School presentation details dangers of prescription drugs
As police crack down harder on street drugs, individuals of all ages are turning to prescription drugs. And nowhere is the issue more pressing, according to a presentation that's making the rounds in Chatham County, than in high schools.
Tuesday morning, the entire student body of Chatham Central High School, located in rural Bear Creek about halfway between Sanford and Siler City, sat silently watching a collection of video interviews with doctors, students and former drug abusers that was compiled by school officials and a team of nursing students from UNC-Chapel Hill.
After the videos addressed some of the issues leading to drug abuse — anxiety, depression, peer pressure, thrill seeking and stress — Principal Mitchell Stensland told the students his main goal was not to punish drug users, but to help them. While he can go out and look for signs of students buying, selling or using drugs, he said, he'd much rather see students help each other, even if that means telling a teacher or administrator that a classmate has a problem.
Mike Szpunar, a shift supervisor with the Chatham County Sheriff's Office who also serves as Chatham Central's student resource officer, said he's aware that some students drink, smoke or take pills. But based on monthly reports the Sheriff's Office receives, he said, Chatham Central students have the fewest problems of any local school.
"I'll tell you, without a shadow of a doubt, this is the best of any of the schools in the county," he said, "and you have only yourselves to thank for that."
Stensland agreed, saying it goes beyond just drugs and crime — the school's 400-plus students are, he said, the closest group he's seen.
But even with all the praise, worries remain. Stensland said high school is the launching pad of life, warning students that a drug conviction can send students on a trajectory to crash and burn. It's illegal to vote or own a gun with a felony, he noted, just as it's basically impossible to get a government job, get a scholarship or even go to college. Plus, he said — getting the crowd of high schoolers riled up — if someone uses a car to sell drugs, the police can and will confiscate and sell it.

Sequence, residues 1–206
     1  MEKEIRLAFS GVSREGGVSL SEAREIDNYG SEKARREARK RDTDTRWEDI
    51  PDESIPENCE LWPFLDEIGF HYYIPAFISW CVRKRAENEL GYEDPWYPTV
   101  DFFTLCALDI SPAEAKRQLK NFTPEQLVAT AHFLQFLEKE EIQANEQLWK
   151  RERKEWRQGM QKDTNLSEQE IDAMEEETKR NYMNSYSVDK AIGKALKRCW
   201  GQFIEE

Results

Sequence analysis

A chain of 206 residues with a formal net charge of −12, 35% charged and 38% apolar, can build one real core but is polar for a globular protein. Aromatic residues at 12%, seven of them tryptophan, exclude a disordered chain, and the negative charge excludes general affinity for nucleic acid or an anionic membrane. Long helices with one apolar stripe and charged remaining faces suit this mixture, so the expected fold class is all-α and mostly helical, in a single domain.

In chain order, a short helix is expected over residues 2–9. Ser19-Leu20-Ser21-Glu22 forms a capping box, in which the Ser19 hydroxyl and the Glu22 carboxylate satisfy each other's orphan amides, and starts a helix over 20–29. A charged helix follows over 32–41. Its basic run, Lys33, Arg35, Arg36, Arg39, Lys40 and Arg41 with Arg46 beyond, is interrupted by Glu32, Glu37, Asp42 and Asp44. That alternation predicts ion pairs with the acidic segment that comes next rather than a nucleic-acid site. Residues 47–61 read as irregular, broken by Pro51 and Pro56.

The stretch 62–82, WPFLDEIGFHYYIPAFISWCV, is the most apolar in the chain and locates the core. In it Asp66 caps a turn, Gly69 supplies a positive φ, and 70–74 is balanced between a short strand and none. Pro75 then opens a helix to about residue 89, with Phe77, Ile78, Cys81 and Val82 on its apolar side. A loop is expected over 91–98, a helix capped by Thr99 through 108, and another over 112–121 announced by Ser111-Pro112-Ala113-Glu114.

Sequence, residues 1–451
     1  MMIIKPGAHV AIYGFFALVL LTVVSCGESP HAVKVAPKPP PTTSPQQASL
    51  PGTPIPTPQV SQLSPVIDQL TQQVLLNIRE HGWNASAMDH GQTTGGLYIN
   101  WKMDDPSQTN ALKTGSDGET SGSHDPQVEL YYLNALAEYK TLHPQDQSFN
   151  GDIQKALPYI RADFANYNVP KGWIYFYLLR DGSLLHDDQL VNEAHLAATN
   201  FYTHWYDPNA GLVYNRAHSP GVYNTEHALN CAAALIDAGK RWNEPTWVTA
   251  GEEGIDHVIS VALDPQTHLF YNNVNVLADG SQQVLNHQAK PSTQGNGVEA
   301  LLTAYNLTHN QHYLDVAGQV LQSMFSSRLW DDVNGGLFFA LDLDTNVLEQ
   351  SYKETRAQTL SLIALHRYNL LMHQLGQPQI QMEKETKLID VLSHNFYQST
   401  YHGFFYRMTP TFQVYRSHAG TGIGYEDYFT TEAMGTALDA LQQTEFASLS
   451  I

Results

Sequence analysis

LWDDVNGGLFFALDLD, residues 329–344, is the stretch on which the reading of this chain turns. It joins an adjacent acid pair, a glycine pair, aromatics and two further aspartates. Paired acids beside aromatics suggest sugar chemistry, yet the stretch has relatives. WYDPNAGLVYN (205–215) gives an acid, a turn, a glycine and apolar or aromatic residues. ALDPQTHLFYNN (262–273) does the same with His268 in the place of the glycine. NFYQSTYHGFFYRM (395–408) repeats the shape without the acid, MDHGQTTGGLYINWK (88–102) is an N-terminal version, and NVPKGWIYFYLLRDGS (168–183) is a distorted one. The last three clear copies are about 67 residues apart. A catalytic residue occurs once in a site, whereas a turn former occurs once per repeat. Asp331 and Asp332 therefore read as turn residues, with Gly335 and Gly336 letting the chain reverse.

According to the N.C. Department of Justice, drug overdoses are the state's second leading cause of accidental death behind motor vehicle accidents, and prescription pills are involved in 80 percent of fatal overdoses.
"We're seeing, like high schools around the country, fewer traditional illegal drugs and more prescription drugs because they're easier to get a hold of," Chatham County Schools Public Information Officer Beth McCullough said. "We have had some students pay heavy prices."
Darla Cole, the lead student resource officer in Lee County, said prescription pill usage in Lee County Schools actually appears to be down this year compared to recent years, when it was a serious issue. Instead, she said, marijuana has become the drug of choice once again.
"I don't know if it's cyclical or what, but it seems like we've seen more marijuana and less of other things," she said, noting that the shift could be a combination of students seeing the life-altering effects of pills on fellow students when pills were so popular two or three years ago, as well as a general loss of the taboo surrounding marijuana due to recent legalization efforts.
"I've even had kids say to me, 'It's legal in Colorado,'" she said. "But I say, 'Well, we're not in Colorado."
In 2011, according to the state Department of Health and Human Services, more than 1,100 North Carolinians died from drug overdoses. That's an increase of nearly 300 percent since 1999, when the availability of street drugs like crack cocaine and heroin dropped, according to the department.
In Lee County, however, there's been a return to the old days because of local law enforcement's intense campaign against prescription drug abuse.
"In the last six to eight months, there has been a drastic increase in heroin use and sells," Captain John Holly, of the Lee County Sheriff's Narcotics Division, said in January, explaining that heroin is cheaper than painkillers but has similar effects.
The local crackdown on prescription drug abuse is part of a statewide effort that came to a head in October when, prompted by a 400 percent increase in hospital admissions due to pills in the past decade, N.C. Attorney General Roy Cooper declared prescription pill abuse an epidemic.